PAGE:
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Haulage truck dump-site safety.
Turin FC; Wiehagen WJ; Jaspal JS; Mayton AG
NOIRS 2000--Abstracts of the National Occupational Injury Research Symposium 2000, Pittsburgh, PA, October 17-19, 2000. Pittsburgh, PA: National Institute for Occupational Safety and Health, 2000 Oct; :23-24
Dump-site injuries occur at all major mineral industries. Working in elevated areas near an edge is a common hazard for operators of off-highway mobile mining equipment. This report will examine serious injuries involving haulage trucks working at dump-sites for the period 1988 to 1997. Data were acquired from injury reports gathered by the Mine Safety and Health Administration (MSHA). This work is organized into three primary sections. The first presents an overview of the frequency and severity of injuries. The second analyzes injury characteristics using MSHA defined data fields and author defined injury classifications. Key findings are discussed in the third section. In summary, 370 serious injuries were identified, 26 of these were fatalities. Although haulage truck dump-site activities resulted in a small proportion of surface mining injuries, these injuries were much more likely to result in death or significant lost time than most other surface mining injuries. The findings of this report support that haulage truck dump-site activities are worthy of continued study by those interested in improving the health and safety of workers at surface mines.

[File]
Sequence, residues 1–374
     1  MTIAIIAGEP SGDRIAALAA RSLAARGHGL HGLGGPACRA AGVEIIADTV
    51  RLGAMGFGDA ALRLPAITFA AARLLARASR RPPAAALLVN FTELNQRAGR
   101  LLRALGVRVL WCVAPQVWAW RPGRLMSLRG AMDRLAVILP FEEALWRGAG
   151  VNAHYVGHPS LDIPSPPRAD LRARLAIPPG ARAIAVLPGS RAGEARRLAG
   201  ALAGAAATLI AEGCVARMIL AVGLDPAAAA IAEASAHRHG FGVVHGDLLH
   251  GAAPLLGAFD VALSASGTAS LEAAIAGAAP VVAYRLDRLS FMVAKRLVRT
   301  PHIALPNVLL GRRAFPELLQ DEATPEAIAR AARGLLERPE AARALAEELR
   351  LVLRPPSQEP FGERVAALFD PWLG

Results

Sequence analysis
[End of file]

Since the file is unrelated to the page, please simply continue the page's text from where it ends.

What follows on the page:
Accident rates; Accident statistics; Accidents; Accident prevention; Injuries; Traumatic injuries; Injury prevention; Surveillance programs; Statistical analysis; Epidemiology; Mining equipment; Mining industry; Mineral processing
NOIRS 2000 Abstracts of the National Occupational Injury Research Symposium 2000, Pittsburgh, PA., October 17-19, 2000
Page last reviewed: June 15, 2021
Content source: National Institute for Occupational Safety and Health Education and Information Division